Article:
Over the next week I’m going to share posts I’ve written over the years about various books I’ve read, some I’ve enjoyed, some not so much, some not at all!
Tuesday book review:
A deadlock is a type of lock without a key in which the mechanism is inactive – the door (or whatever) is locked and the only way to open/unfasten/access it is to use the key to open it. You can’t turn a handle or doorknob, it has to be unlocked. It’s also called a dead bolt/deadbolt; as well as being a physical device, the word can also be used figuratively to mean something which cannot be undone – like a negotiation which has become deadlocked. It is also a term used in computing – but I’m quite ignorant about that technology so all I can tell you is, it’s ‘a situation in computing where two processes are each waiting for the other to finish’.
However, I’m not going to write about locks, dead or otherwise, or negotiations stalled or not, or computers hanging around waiting for processes to complete… Dead Lock I’m thinking of is much more exciting and engaging than any of those! Dead Lock is the new novel by my favourite writer Damien Boyd. If you haven’t read it yet – then buy it and do so! If you’ve never read anything else by Damien then lucky you because you have seven others to read!
Dead Lock is the latest in the series about D.I. Nick Dixon, a detective serving in Somerset and coincidentally, my daughter is based at the police station where Nick works – him in his fictional world of course. This particular novel which is gripping, interesting, and with an unexpected but believable twist at the end, is focused on the canals in Somerset and Wiltshire, including the now abandoned Somerset Coal Canal – not many people outside the area, and many in Somerset don’t realise there was coal mining round here!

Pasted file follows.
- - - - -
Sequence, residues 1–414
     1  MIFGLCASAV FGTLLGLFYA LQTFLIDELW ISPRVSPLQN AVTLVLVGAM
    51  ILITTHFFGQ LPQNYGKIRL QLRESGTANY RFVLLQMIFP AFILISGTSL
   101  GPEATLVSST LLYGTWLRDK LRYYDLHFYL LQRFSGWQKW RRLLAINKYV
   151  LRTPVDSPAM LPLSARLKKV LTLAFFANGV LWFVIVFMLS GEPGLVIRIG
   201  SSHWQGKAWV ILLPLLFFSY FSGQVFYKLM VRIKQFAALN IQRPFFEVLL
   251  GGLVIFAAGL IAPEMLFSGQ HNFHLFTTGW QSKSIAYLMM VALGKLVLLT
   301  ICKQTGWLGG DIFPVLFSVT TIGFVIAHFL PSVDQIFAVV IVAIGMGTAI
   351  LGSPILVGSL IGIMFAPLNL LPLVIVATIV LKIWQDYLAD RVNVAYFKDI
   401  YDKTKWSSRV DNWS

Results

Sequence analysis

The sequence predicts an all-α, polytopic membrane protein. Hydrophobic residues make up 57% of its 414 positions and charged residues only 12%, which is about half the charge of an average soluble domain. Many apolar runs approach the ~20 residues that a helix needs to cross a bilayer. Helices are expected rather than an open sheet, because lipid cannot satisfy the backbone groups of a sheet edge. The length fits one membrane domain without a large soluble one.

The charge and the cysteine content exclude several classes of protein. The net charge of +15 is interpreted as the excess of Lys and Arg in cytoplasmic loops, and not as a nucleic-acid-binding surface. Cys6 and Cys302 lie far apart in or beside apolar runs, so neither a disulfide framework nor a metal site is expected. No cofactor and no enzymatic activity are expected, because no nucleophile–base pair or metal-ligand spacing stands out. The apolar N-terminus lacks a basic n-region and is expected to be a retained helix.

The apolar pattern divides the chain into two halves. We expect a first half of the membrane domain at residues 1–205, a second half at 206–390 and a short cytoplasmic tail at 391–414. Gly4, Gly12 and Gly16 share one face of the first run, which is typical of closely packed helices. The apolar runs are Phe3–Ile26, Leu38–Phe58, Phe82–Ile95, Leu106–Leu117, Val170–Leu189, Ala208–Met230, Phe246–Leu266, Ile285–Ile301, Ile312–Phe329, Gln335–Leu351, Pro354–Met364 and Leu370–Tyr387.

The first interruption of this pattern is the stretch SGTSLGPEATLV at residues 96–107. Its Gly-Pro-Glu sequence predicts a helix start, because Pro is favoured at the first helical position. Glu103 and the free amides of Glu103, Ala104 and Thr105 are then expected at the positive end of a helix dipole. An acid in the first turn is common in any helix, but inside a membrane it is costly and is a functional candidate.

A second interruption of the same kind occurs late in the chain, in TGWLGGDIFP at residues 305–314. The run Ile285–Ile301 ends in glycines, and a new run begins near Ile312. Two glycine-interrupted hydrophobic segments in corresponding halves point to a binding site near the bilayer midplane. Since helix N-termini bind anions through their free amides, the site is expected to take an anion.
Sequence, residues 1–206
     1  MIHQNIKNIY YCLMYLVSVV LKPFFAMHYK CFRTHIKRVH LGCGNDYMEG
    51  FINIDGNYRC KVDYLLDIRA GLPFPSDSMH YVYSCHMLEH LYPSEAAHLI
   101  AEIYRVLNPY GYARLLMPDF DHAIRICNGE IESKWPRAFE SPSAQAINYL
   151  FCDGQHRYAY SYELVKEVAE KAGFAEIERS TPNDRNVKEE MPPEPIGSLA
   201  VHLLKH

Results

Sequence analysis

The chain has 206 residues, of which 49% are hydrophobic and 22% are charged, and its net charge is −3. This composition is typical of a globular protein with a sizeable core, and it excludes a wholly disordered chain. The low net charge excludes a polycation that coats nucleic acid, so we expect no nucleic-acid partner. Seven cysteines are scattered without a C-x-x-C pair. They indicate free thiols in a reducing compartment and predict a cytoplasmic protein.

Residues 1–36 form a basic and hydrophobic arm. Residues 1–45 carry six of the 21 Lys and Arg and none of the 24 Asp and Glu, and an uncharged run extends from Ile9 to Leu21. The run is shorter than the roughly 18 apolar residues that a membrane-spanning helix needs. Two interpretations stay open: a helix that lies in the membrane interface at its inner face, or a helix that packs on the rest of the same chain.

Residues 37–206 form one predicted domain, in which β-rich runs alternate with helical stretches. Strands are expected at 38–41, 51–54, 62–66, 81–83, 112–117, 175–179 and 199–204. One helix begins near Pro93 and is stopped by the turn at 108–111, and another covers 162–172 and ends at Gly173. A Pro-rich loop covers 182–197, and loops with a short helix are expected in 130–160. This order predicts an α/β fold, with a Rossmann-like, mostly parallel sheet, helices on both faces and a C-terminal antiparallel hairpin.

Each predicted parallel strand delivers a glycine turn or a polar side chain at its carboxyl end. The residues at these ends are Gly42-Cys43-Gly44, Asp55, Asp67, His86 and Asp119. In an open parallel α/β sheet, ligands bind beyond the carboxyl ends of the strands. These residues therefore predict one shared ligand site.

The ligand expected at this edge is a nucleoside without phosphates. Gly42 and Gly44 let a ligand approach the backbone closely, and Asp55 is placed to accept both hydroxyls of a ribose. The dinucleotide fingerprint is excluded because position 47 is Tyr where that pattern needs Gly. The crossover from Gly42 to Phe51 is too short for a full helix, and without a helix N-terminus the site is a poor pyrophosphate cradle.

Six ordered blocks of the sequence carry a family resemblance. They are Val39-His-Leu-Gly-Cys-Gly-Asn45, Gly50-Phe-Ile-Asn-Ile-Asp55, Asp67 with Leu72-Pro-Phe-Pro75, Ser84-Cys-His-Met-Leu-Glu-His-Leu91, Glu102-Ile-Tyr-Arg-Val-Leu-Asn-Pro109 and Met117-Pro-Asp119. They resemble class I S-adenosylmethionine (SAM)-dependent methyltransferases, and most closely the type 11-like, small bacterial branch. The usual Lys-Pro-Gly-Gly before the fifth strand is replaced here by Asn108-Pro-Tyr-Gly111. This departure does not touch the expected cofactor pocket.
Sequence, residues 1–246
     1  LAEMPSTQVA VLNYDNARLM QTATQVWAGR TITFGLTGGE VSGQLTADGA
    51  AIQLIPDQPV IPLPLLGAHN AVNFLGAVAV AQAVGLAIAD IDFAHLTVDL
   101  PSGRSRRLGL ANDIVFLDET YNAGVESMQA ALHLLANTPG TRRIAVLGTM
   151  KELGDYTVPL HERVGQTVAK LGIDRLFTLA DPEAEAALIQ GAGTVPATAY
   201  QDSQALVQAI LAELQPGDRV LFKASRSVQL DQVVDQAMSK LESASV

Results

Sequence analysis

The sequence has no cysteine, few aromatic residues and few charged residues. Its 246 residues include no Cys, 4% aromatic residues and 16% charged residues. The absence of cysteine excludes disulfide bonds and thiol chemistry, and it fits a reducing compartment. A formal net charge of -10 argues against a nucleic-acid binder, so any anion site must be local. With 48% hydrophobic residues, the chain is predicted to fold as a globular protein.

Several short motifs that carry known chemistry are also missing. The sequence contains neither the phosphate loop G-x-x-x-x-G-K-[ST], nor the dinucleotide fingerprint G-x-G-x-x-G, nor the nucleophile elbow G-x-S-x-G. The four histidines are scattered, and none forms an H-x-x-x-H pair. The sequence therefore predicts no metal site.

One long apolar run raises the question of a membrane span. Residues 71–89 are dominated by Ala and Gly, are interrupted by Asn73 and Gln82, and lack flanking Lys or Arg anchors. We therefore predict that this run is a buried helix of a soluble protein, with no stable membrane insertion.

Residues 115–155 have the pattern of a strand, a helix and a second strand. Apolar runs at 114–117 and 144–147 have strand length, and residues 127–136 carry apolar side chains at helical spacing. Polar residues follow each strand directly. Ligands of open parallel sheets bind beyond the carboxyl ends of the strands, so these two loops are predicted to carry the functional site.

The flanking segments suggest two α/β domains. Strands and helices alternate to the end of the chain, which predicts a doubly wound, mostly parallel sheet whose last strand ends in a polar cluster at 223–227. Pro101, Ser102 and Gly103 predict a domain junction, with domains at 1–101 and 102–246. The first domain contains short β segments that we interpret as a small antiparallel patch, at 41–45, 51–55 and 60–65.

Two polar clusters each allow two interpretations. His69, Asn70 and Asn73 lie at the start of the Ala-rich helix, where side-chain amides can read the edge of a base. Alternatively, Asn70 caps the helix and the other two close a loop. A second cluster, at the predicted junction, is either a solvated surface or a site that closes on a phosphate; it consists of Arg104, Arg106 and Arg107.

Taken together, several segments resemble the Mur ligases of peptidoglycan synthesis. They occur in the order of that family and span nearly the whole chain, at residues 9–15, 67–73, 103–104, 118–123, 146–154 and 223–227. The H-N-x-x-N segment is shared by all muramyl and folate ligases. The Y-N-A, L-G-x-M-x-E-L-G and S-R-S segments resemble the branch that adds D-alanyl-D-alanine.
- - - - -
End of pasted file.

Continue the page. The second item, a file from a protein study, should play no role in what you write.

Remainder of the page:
Here’s a link to Dead Lock:
Damien uses real locations in Somerset, all the places mentioned exist which is exciting for us who know the area, but must also make the scenes more vivid to people from other places. In Deadlock a lot of the action takes place between our little village of Uphill on the coast and Burnham, the next town to the south of us. When one of the suspects is taking a back road and clips a kerb on a sharp bend and ends up in a concealed pond, I know where that is! When another suspect has his cut-flower business turned over by the police, it’s in the same village where my husband and his band rehearse!
In my novels, apart from Flipside which was set in Oldham where I used to live, my settings are all in imaginary places – the town of Easthope and the small city of Strand and the villages I’ve created round and about them. Maybe I should write something set in our little village – maybe my character-without-a-story, Gus, should live here in Uphill, go to the Wharf Café, buy a newspaper in the Village Shop, drink in the Dolphin and join in the quiz… maybe he could go to the village market held once a month in the Victory Hall…
It’s my book club tonight, and I shall certainly tell my friends there’s a new Nick Dixon novel available… maybe we could choose it as the next book to discuss?!!
Here’s a list of Damien’s books:
- As The Crow Flies
- Head In The Sand
- Dead Level
- Death Sentence
- Heads or Tails
- Dead Lock
PS without giving the game away, there is a very clever clue in the title of the novel!
Here’s a link to find out more about the Somerset Coal Canal
and here is a link to my books:
PS Since I wrote this review of Damien’s book, he has published more absolute stormers:
- Beyond the Point
- Down Among the Dead
- Dying Inside
… and Damien’s next book, out in 2022 is Carnival Blues